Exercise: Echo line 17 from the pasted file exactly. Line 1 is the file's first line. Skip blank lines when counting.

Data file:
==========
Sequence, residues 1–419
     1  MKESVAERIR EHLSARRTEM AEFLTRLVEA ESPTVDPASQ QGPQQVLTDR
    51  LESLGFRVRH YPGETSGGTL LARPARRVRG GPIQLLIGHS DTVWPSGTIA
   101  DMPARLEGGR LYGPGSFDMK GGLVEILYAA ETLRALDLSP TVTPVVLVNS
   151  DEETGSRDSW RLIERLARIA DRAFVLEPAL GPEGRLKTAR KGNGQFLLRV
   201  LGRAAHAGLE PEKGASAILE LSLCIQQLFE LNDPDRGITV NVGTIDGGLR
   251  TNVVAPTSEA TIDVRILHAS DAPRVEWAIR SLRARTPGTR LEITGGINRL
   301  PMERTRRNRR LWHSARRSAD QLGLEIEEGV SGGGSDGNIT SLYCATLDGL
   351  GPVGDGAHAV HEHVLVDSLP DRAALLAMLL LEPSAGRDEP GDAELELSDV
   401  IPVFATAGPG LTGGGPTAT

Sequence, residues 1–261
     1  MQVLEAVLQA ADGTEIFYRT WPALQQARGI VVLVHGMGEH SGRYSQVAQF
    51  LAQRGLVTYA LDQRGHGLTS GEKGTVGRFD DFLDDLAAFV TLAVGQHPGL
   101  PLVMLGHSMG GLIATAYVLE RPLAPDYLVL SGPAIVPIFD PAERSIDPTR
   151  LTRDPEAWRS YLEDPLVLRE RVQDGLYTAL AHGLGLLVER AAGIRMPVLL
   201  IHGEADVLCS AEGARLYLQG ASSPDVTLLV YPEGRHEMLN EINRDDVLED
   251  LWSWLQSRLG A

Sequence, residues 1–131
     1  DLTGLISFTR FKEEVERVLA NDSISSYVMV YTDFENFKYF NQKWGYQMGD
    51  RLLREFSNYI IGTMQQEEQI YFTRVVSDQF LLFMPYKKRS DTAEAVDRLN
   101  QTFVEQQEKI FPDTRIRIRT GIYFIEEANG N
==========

   251  LWSWLQSRLG A